What did you learn at the museum today?
Image: Kippa Middleton, courtesy of PHM
Sometimes in a museum exhibition the text on the walls can feel like it’s been copied and pasted from a school text book. That curatorial voice that museums feel they ought to use when they talk to us – academic, careful, considered, somehow separated from real life.
But I found the words in the exhibition Never Going Underground: the fight for LGBT+ rights at the People’s History Museum in Manchester don’t read like a text book at all – perhaps because there isn’t a school text book on this subject that can be copied. Not yet, anyway.
That said, I feel like I ‘learned’ a lot.
The exhibition marks 50 years since the partial decriminalisation of homosexual acts in England and Wales (1967 Sexual Offences Act). That doesn’t mean it’s all historical content, though. It was only in 2012 that hate crime on the basis of sexual orientation was recognised in England and Wales, after all.
Neither is it a didactic history lesson about the march towards equality. In fact, it’s rather personal. Nine community curators were selected to put the exhibition together with the museum. The objects they’ve selected for the display make for an upbeat and energetic style of museum exhibition.
Museums like it when we ‘learn’ something on a visit. We can find out about the world around us – history, science, technology or the arts. But museums can also be places where we learn about ourselves too.
And this certainly happened to me. I ended up having what some might call a ‘moment’.
Growing up in the UK in the 80s and 90s I was, of course, denied access to information and support about being a gay teenager. My sex education – in a rather traditional, all boys school – was pretty naff.
We were taught, via the medium of cardboard cutouts, how boys do it to girls. Not with them, of course, to them. I don’t think we were even encouraged to buy them dinner first, never mind check if they consented.
I remember asking, as a confused teen, about what happened when men had sex with men. This was a terrible mistake. Not only was I laughed at by my peers, I was given a strong, stern, silent look by the teacher – so strong it burned right through me – and probably had a black mark placed against my name. And that was my sexual and emotional education complete. Just don’t talk about it.
Now, standing in this exhibition I learn that at the same time as I was struggling with this question, in the very same city as me, people were marching on the streets in the largest ever gay rights protest in the UK. That’s pretty humbling. In February 1988 protestors on the streets of Manchester weren’t campaigning for their own rights though – they were marching for mine, and for their kids’, and for all the other teens who struggle to come to terms with their feelings while they’re at school. They were marching for equality and to ending a policy of repression and embarrassment. Not talking about it wasn’t part of their agenda.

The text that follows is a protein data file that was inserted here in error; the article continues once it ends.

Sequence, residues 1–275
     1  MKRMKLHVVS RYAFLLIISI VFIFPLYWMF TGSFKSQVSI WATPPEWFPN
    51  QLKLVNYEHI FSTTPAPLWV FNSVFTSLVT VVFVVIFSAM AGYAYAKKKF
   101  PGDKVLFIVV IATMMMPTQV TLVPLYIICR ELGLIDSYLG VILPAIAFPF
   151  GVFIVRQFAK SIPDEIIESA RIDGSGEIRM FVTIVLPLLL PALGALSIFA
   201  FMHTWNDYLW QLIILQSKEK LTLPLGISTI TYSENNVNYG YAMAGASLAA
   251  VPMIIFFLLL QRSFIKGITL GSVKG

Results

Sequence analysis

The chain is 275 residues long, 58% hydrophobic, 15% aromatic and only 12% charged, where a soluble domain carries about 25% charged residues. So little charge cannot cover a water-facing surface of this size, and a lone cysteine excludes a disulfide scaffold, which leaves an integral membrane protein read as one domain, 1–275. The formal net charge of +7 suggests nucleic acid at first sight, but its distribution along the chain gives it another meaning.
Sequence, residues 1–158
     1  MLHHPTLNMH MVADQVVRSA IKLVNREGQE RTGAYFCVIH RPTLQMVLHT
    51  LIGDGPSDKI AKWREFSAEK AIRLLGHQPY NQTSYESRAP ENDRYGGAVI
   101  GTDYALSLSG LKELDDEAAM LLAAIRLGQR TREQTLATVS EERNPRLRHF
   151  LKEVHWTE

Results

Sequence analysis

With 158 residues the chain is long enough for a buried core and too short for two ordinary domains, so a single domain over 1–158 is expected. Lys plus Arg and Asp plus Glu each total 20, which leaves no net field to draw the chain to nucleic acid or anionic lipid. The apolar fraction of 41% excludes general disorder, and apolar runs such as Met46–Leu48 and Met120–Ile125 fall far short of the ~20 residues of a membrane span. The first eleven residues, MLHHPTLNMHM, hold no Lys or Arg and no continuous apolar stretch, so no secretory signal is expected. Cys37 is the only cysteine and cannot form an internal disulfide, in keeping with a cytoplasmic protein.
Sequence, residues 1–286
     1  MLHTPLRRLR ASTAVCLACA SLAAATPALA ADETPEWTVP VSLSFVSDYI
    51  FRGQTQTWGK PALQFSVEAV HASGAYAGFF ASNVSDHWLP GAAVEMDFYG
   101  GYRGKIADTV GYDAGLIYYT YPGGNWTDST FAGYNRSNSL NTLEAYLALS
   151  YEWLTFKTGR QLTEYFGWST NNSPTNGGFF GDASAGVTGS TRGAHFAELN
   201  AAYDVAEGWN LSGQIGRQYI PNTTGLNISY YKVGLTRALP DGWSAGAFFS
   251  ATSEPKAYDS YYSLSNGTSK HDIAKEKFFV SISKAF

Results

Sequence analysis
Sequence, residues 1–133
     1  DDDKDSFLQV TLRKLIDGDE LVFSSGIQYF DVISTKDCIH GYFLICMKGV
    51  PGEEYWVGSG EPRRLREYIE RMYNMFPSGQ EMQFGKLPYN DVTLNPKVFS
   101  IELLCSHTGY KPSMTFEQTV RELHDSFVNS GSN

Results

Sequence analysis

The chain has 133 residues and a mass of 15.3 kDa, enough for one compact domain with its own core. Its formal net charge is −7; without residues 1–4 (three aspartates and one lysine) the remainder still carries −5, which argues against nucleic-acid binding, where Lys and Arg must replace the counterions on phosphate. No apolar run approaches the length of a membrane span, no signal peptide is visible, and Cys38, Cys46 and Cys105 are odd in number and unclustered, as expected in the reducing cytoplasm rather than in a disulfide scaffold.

At the time I was a child. I’d never heard of Section 28 (the Local Government Act 1988 banning local authorities from promoting homosexuality as a pretented family relationship) and I have no recollection of Sue Lawley fending off protesters on the Six O’Clock News. I’ve seen it reproduced plenty of times subsequently, but it wasn’t even on my radar as a kid.
By the time Section 28 was in the process of being repealed, I was much more politically aware. To my own shame I didn’t join the marches that were still taking place in the early 2000s – I don’t think I understood what gay rights were (probably thanks again to my stifled, conservative education) and so I didn’t get involved. I understood the ramifications of the repeal of the law and was pleased it had taken place, but again it didn’t mean that much to me.
It wasn’t until I saw a celebratory poster in this exhibition emblazoned with ‘WE WON’ that I truly realised the struggle people had been on to get this done. A struggle that needed winning. The marches, the meetings, the protests, the letters, the campaigns, all documented here on the wall, to try and get equal access to information for gay kids. People thought this was an idea worth fighting for.
At the opening of the exhibition activist and campaigner Ian McKellen reminded us that in the UK today “there are children who cannot believe there was a time when it was illegal to be gay.” And it’s true.
It’s easy to think that kids these days have it all too easy. They don’t. They certainly have more freedoms now, but being a teenager is, I’m sure, still as crappy as it always was and probably always will be.
Knowing that teenagers are growing up in a world where a teacher can tell them it’s okay to be queer, however, is wonderful.
McKellen is keen that the exhibition has a life longer than its six-month stint in Manchester. “I hope the exhibition can go across the country where the message needs to be told, and it should go in to Scotland and it should go in to Wales and the far reaches of England. And then it should end up in the north of Ireland, where they still don’t allow gay people to get married,” he said.
For some, this exhibition will be a trip down memory lane, to the slogans and headlines they remember. For others it’s a way of ‘learning’ about our past and about the uphill struggle others have taken so that we can enjoy our rights today.
For everyone, it’s a reminder that there are ideas that are still worth fighting for. And that’s much more than I learned at school.
Never Going Underground: the fight for LGBT+ rights is open at The People’s History Museum, Manchester until 3 September 2017. Entry is free.
Images courtesy of the People’s History Museum.